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This Day in Baseball History
February 11th

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15 Fact(s) Found
1915 New York Giants president Harry Hempstead rejects the International League's request for permission to put a team in the Bronx. The shift of the IL's Jersey City to the nearby borough, already the home to the Yankees, was conceived as a way to prop up the failing minor league franchise and perhaps to thwart the invasion of the Federal League into the Big Apple.
1974 The first arbitration ruling in baseball history is decided in favor of Twins' hurler Dick Woodson. The right-hander, the first player to invoke the new free agency clause, is awarded the $29,000 he asked for rather than having to take Minnesota's offer which was $6 thousand less.
1977 The Cubs trade two-time NL batting champ Bill Madlock along with Rod Sperring to the Giants for Bobby Murcer, Steve Ontiveros and a minor leaguer. During the 1979 season, San Francisco will trade the fiercely competitive 'Mad Dog' to the Pirates, where he play a major role in the team's world championship that season, and will win two more batting crowns during his seven-year tenure in Pittsburgh.
1982 Two months after the trade was announced, the Ozzie Smith deal for Gary Templeton is finalized. An outside arbitrator will determine 'the Wizard of Oz's' Cardinal salary.
1985 Kent Hrbek signs a new contract making him the Twins' first million dollar player. The Minnesota first baseman was the runner-up for the American League Most Valuable Player last season after batting .311 along with 27 homers and 107 RBIs for the second-place club.
1987 After refusing the Mets' $800,000 one-year offer, World Series MVP Ray Knight signs with the Orioles for $475,000 plus incentives and an option for an additional year.
1997 General Mills, the makers of Wheaties, unveils three new Jackie Robinson cereal boxes to be sold in stores nationwide. The Dodgers' Hall of Fame infielder will be the first athlete to be honored on all three varieties of Wheaties: Original Wheaties, Honey Frosted Wheaties, and Crispy Wheaties 'n' Raisins.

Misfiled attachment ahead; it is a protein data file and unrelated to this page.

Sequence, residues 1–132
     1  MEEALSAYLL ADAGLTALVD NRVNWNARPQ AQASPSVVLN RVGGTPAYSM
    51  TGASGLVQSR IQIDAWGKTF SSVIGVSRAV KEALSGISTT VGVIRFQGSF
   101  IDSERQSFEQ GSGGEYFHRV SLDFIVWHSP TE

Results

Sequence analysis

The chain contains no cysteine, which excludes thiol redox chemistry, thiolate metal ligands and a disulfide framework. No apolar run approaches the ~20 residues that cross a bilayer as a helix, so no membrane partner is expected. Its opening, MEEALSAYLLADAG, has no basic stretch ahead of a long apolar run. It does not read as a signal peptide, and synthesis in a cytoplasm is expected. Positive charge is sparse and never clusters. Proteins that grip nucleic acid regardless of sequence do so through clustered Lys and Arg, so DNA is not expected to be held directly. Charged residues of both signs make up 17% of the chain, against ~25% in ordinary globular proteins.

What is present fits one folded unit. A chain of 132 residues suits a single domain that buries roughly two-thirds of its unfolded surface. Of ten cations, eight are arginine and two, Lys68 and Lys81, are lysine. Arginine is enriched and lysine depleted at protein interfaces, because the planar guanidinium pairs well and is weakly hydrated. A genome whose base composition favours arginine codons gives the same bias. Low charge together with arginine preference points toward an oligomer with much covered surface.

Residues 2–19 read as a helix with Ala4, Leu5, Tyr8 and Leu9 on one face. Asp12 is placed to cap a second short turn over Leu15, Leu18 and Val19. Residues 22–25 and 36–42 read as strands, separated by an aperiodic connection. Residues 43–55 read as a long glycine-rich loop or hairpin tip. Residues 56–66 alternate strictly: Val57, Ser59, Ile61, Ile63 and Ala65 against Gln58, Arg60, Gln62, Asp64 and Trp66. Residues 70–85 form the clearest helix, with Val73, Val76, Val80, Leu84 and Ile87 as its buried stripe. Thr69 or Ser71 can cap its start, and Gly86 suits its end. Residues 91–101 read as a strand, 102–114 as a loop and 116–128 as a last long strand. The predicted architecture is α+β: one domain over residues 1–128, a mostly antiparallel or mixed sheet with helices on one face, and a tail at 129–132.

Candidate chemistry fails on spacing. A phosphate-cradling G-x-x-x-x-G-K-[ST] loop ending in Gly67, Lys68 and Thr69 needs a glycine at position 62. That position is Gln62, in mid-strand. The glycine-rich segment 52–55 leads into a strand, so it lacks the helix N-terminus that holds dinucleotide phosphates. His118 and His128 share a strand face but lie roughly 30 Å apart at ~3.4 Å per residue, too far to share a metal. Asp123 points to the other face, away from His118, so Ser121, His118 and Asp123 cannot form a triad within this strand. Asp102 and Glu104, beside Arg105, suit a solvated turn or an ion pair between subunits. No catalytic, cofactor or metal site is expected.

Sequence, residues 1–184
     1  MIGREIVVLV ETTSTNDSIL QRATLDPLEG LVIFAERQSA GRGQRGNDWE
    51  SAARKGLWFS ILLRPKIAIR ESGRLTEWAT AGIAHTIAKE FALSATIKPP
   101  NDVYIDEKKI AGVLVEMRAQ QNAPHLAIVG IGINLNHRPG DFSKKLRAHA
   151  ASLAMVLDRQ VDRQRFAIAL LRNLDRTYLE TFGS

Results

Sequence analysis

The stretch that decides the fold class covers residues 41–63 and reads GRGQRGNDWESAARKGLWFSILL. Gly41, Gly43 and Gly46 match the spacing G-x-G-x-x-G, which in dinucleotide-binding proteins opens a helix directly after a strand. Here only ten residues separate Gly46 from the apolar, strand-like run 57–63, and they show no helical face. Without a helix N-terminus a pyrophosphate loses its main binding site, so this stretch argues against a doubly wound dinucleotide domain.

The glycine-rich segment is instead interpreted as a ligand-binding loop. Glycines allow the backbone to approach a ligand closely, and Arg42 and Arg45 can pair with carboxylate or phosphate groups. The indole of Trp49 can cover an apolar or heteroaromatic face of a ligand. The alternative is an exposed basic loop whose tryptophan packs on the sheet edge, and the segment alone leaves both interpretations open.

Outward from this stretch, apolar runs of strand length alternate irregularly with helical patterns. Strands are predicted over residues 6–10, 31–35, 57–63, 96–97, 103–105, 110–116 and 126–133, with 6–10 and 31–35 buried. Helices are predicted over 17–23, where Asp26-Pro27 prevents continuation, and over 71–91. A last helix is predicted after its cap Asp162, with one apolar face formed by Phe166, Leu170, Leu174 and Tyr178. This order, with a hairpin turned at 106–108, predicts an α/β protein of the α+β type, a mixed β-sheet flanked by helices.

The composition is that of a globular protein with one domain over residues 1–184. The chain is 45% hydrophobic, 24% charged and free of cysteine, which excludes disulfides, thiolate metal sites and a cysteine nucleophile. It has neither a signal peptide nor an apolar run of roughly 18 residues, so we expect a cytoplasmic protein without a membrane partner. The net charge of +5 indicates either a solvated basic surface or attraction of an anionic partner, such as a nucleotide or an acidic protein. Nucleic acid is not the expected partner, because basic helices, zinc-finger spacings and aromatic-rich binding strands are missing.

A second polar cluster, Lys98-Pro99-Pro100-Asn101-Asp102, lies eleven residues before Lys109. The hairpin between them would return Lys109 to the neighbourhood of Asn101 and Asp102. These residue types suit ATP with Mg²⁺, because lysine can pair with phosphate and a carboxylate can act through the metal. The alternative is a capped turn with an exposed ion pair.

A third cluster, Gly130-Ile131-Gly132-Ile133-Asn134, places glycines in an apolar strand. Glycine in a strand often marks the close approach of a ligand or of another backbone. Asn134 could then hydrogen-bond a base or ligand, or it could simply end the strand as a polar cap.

2001 As thousands cheer, Three Rivers Stadium, 30-year-old home of the Pirates, is imploded. Roberto Clemente's 3,000th hit as well as Mike Schmidt's 500th career home run are part of the historic park's legacy.

2005 Jose Canseco’s controversial book, Juiced, is made available in certain markets in anticipation to his appearance on CBS’s Sixty Minutes. The self proclaimed godfather of the steroids in baseball alleges Mark McGwire, Juan Gonzalez, Rafael Palmeiro and Ivan Rodriguez all used illegal performance-enhancing drugs.
2005 The Mets announce their former slugging All-Star and often-troubled Rookie of the Year, Darryl Strawberry, will rejoin the team as a special outfield instructor during spring training. He will also join former 1986 World Champion teammates Gary Carter, Lenny Dykstra, Howard Johnson and Tim Teufel at Shea Stadium on Feb. 27 when single-game tickets go on sale.
2006 Avoiding an arbitration hearing, starting pitcher Carlos Zambrano (14-6, 3.26) and the Cubs agree to a one-year deal worth $6.5 million. After earning $3.76 million last season, the emotional right-hander had asked for $7.2 million, with Chicago offering $6 million.
2007 Avoiding salary arbitration, AL’s reigning batting champ Joe Mauer (.347, 13, 84) and the Twins come to terms on a $33 million, four-year contract. The hometown 23-year-old All-star backstop is the first catcher to lead the majors in batting average and the first to win the batting title in the American League.
2008 Following in the footsteps of fan favorites Nolan Ryan, Roger Clemens and Jeff Bagwell, Craig Biggio agrees to a three-year personal services contract with the Astros. The 42-year-old retired ballplayer spent his entire 20-year career in Houston, leading the club in games, at-bats, hits, doubles, and total bases.
2009 The Nationals sign slugger Adam Dunn to a two-year, $20 million deal. The 29-year old left-handed free-agent, who played for Arizona last season, will bat cleanup for Washington, replacing Nick Johnson at first base.
2010 Ernie Harwell, the long-time voice of the Tigers, will receive the Vin Scully Lifetime Achievement Award in Sports Broadcasting during WFUV Radio’s Spring Gala at Fordham University. The 92-year-old Hall of Fame broadcaster is the third recipient of the VSLA, named for the former alum and Dodger broadcast icon, joining inaugural honoree Vin Scully (2008) and Dick Enberg (2009).

15 Fact(s) Found